After spending more than a month in Wyoming, it was time to head back to a warmer climate. The weather was beginning to cool by mid-September, and the rains were becoming more frequent. Since my traveling companion, Debra Dickinson, had never seen the Medicine Bow National Forest, we decided to take the scenic route back to Flagstaff.

Medicine Bow National Forest in southern Wyoming is a stunningly beautiful area. It is well worth the detour if you plan to be in the area. One note of caution, however, is that the roads are designed for summer use and many are not maintained during the winter.

As it turns out, even the middle of September can be questionable. We headed west out of Douglas with sunny skies and temperatures in the 70s. Once in the mountains though, the weather took a turn for the worse. As we climbed into the mountains, the sun disappeared and was replaced with ominous black clouds. It thundered, hailed, rained, and snowed as we pressed onward since there was nowhere to turn around with the trailer. At one point, I was driving on a road that was nothing but sand – actually very wet sand – and the van was slipping side to side trying to climb a hill. Finally, we made it through to pavement again.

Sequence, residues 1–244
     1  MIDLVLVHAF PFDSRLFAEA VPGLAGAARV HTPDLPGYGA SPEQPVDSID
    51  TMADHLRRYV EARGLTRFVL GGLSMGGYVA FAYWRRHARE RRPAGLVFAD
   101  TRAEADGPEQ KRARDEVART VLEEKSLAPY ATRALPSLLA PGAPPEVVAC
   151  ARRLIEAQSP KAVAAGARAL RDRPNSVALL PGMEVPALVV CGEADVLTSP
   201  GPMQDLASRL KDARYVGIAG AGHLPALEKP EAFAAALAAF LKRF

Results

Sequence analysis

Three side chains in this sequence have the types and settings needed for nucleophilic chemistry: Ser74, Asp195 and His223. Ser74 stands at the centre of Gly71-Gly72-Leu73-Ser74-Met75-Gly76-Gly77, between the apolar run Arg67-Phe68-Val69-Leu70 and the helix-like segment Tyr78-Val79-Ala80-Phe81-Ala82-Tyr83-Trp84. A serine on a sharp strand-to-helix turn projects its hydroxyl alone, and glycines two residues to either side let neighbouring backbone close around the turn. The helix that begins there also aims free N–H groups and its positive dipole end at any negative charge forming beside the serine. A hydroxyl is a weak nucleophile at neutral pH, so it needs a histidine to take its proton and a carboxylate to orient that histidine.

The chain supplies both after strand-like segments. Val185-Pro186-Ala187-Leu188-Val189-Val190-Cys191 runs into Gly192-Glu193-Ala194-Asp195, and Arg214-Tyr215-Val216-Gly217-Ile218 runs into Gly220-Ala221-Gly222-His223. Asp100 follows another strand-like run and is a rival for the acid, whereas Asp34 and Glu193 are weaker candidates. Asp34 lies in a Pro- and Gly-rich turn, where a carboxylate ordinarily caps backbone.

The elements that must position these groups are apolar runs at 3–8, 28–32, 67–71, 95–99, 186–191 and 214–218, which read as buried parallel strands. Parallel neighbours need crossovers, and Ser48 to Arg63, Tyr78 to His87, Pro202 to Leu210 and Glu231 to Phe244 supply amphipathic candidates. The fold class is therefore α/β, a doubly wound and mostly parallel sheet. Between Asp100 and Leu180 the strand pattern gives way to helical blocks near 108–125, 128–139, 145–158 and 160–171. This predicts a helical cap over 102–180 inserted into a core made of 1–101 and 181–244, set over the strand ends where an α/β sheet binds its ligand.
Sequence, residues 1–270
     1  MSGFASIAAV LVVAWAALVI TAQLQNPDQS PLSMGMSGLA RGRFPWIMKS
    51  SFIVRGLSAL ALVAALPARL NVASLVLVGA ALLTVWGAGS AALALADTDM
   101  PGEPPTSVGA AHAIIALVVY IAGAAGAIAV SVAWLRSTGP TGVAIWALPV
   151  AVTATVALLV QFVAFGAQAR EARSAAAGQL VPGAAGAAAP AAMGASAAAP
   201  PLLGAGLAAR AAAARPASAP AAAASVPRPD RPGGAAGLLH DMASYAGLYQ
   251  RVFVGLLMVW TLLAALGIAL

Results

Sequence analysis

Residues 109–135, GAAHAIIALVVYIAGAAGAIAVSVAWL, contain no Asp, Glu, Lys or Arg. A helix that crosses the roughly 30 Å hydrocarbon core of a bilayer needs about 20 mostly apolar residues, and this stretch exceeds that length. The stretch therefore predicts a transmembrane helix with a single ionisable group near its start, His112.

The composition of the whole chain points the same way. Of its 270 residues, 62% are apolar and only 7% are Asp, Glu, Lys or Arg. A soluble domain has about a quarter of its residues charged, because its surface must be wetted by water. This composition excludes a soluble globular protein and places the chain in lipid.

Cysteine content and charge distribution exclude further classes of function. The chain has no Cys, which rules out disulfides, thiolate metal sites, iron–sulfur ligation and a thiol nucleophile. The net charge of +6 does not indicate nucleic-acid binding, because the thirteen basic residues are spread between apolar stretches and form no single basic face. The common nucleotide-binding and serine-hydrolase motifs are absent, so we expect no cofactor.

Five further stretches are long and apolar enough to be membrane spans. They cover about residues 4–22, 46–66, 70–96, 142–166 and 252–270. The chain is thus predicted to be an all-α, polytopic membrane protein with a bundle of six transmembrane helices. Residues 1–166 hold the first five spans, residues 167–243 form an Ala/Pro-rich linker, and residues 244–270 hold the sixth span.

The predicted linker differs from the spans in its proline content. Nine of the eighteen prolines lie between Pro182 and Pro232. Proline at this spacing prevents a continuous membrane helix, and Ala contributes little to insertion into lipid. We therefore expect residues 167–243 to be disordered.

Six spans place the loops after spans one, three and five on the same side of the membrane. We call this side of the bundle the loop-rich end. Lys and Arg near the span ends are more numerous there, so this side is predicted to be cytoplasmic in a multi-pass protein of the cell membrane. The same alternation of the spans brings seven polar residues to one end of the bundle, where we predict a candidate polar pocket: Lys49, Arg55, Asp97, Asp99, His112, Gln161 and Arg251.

Day one of the return trip concluded with a late dinner at Taco Bell and a decent night of rest at the Walmart in Rock Springs, Wyoming.

The second leg of the journey took us from Rock Springs into Utah, and then into Arizona. Still continuing the pattern of taking the road less traveled (we didn’t learn anything the day before), we continued through scenic areas like the Flaming Gorge National Recreation Area and Ashley National Forest.

Somewhere along Highway 89 in Utah, at just about dusk, we met a friendly state police officer. Apparently the trailer lights were not working, though they had worked earlier when I checked. It turns out that all the mudding we did the day before in Medicine Bow National Forest had made a mess in the wiring connector.

We arrived back in Flagstaff around midnight. Too tired to deal with finding a campsite in the dark, we spent the night parked at the Pilot truck stop. In the morning, we enjoyed breakfast with a blog reader who just happened to be at the McDonalds inside the truck stop. He recognized the van and trailer in the parking lot.

After breakfast, we headed out and found a great campsite that we had stayed at earlier in the summer with a spectacular view of Humphreys Peak. The weather was fine, and more tribe members soon arrived as they were passing through on their way from Idaho to Texas.